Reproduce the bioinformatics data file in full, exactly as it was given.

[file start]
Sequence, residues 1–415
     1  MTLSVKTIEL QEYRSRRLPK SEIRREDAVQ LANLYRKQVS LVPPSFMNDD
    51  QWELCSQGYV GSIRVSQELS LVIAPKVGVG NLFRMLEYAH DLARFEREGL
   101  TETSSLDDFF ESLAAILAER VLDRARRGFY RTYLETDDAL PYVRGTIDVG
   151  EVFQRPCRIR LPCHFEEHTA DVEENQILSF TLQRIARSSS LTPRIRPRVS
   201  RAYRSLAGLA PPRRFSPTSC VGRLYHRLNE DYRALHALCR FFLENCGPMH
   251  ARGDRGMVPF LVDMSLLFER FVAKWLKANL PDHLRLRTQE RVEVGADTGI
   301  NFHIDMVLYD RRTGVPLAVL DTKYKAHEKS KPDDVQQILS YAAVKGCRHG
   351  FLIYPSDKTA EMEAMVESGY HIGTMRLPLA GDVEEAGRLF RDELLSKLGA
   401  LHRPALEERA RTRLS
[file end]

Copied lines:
Sequence, residues 1–415
     1  MTLSVKTIEL QEYRSRRLPK SEIRREDAVQ LANLYRKQVS LVPPSFMNDD
    51  QWELCSQGYV GSIRVSQELS LVIAPKVGVG NLFRMLEYAH DLARFEREGL
   101  TETSSLDDFF ESLAAILAER VLDRARRGFY RTYLETDDAL PYVRGTIDVG
   151  EVFQRPCRIR LPCHFEEHTA DVEENQILSF TLQRIARSSS LTPRIRPRVS
   201  RAYRSLAGLA PPRRFSPTSC VGRLYHRLNE DYRALHALCR FFLENCGPMH
   251  ARGDRGMVPF LVDMSLLFER FVAKWLKANL PDHLRLRTQE RVEVGADTGI
   301  NFHIDMVLYD RRTGVPLAVL DTKYKAHEKS KPDDVQQILS YAAVKGCRHG
   351  FLIYPSDKTA EMEAMVESGY HIGTMRLPLA GDVEEAGRLF RDELLSKLGA
   401  LHRPALEERA RTRLS